The Savages married into several notable noble families such as the Stanleys and the Morleys. Before eventually ascending to the peerage themselves, first as Viscounts Savage and later as Earls Rivers. [3]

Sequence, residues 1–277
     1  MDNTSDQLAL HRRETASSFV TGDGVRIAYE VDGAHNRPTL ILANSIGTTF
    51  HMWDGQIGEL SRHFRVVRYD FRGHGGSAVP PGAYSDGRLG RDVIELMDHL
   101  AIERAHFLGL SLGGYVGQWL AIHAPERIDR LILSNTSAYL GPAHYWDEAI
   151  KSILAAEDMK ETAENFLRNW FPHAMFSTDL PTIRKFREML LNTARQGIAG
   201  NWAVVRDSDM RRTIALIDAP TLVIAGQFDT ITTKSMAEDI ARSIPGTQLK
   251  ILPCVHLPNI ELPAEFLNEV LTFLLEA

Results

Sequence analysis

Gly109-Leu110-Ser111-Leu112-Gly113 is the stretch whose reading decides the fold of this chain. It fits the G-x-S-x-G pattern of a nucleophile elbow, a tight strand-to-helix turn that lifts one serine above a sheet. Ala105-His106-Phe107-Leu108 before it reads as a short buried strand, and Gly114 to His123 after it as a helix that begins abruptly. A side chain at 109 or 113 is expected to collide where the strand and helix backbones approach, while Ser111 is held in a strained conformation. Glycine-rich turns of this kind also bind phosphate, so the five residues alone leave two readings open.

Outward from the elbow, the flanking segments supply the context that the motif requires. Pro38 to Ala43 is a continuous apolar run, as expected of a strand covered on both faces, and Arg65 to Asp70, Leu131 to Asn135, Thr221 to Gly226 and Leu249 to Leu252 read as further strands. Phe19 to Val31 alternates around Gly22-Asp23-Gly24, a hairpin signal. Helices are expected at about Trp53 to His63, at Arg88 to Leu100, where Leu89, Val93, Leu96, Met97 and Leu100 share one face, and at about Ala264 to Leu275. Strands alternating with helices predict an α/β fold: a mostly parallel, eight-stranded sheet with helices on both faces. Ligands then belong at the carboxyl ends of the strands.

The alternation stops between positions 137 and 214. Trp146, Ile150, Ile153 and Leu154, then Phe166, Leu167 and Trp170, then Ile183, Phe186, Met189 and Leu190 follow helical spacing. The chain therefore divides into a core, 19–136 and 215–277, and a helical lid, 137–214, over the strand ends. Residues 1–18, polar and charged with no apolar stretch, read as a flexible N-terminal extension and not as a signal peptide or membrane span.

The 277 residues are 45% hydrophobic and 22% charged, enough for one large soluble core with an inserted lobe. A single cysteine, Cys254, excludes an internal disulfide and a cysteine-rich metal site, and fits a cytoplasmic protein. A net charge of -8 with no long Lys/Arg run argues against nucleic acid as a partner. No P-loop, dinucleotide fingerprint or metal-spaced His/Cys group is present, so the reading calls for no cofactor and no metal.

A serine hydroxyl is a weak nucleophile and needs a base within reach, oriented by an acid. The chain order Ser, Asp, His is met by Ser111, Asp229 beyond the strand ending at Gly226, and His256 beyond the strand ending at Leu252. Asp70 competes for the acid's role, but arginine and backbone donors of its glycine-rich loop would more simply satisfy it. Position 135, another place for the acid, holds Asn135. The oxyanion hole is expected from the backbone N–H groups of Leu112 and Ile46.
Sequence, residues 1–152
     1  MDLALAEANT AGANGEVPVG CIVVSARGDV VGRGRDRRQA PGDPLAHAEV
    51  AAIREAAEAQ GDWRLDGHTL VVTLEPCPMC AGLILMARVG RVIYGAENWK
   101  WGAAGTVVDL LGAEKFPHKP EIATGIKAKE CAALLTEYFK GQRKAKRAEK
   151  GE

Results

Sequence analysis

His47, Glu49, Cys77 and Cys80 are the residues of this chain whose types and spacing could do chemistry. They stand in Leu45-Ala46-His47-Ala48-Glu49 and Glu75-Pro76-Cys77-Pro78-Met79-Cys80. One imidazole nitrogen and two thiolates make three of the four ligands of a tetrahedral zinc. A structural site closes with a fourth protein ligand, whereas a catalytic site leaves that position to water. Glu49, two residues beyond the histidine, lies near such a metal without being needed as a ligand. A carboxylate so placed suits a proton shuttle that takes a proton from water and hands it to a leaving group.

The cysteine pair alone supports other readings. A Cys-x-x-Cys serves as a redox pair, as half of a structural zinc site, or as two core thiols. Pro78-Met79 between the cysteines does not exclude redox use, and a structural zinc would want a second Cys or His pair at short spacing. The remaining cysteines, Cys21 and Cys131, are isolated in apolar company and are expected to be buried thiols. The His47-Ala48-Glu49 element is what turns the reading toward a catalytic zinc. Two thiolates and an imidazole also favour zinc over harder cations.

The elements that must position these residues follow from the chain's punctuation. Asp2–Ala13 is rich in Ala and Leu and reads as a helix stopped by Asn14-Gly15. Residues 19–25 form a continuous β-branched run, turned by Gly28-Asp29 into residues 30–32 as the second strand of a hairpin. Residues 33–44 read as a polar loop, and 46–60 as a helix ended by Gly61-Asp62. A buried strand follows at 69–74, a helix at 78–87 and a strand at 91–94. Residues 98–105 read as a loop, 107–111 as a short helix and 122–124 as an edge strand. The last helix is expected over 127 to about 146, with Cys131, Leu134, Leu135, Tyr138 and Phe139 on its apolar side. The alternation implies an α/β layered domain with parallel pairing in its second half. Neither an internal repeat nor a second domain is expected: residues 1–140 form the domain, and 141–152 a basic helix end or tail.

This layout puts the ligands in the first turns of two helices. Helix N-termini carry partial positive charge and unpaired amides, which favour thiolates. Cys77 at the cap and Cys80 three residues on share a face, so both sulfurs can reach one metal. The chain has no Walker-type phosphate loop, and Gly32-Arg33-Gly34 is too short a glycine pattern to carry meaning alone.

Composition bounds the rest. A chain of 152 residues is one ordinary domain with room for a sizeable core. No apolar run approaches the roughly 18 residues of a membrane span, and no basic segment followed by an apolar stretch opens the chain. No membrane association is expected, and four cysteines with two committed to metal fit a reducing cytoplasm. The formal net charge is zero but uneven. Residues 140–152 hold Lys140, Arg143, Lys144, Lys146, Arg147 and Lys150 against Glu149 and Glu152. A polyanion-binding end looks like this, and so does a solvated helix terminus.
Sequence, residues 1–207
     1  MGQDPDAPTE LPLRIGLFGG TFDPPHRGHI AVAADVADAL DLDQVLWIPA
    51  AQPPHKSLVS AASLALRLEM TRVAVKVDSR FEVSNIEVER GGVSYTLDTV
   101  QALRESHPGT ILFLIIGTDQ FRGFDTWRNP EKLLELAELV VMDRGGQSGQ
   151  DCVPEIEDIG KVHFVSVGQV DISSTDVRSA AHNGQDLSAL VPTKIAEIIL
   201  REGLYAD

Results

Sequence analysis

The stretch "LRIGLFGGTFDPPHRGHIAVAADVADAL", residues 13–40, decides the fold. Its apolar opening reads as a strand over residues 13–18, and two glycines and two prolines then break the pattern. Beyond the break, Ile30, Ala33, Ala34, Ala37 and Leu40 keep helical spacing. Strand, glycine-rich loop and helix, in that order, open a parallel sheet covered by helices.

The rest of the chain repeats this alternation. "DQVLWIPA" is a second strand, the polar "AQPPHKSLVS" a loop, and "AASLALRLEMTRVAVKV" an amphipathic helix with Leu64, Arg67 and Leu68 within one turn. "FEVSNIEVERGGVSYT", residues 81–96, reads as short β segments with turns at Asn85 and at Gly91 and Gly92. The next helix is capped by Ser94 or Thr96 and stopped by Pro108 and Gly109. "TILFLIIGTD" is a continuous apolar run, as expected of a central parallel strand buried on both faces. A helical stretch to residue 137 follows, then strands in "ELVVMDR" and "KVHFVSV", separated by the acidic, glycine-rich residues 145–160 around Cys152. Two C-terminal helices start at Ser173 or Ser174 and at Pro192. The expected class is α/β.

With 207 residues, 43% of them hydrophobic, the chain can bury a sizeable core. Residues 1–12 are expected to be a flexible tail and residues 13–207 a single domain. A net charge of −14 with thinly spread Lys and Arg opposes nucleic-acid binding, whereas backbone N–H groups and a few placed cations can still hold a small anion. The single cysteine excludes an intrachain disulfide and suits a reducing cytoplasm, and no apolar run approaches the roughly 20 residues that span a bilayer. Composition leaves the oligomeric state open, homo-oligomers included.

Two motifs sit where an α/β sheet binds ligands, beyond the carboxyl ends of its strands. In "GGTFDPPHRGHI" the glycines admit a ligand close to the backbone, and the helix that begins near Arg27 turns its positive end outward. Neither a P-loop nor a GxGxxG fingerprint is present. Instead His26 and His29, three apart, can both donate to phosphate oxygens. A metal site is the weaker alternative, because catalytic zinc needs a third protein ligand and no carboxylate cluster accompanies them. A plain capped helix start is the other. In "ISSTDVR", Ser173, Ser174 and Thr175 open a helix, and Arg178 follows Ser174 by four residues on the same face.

The men of the Savage family have often received the first name John, which has caused some degree of confusion when investigating the Savage lineage. For nearly two centuries the family heir was always named John, and at times there could be as many as four John Savages. [4] One Sir John Savage was knighted by Henry V for his service at the Battle of Agincourt whilst another Sir John Savage was one of the main commanders of Henry VII's army at the Battle of Bosworth Field leading the left flank to victory that day and is said to have personally slain the Duke of Norfolk in single combat, [5] already a Knight of the Bath he was later made a Knight of the Garter (the most senior order of knighthood in England) following Henry's ascension to the throne. [6] The family titles became extinct on the death of the 5th Earl Rivers in 1737, who having been a Catholic priest was unmarried and had no issue. He had inherited the title from his cousin Richard Savage, 4th Earl Rivers a General in the British Army who had no legitimate male heir. The families primary seat of Rocksavage remained in the family until late in the 18th century when the last heiress in the direct line married into the Cholmondeley family and the estate passed to them. [7] The house was deemed surplus to requirements with the family already possessing Cholmondeley House (now Cholmondeley Castle), and the estate quickly fell into disrepair and ruin. Today only sections of the house's garden and orchard walls remain. [7]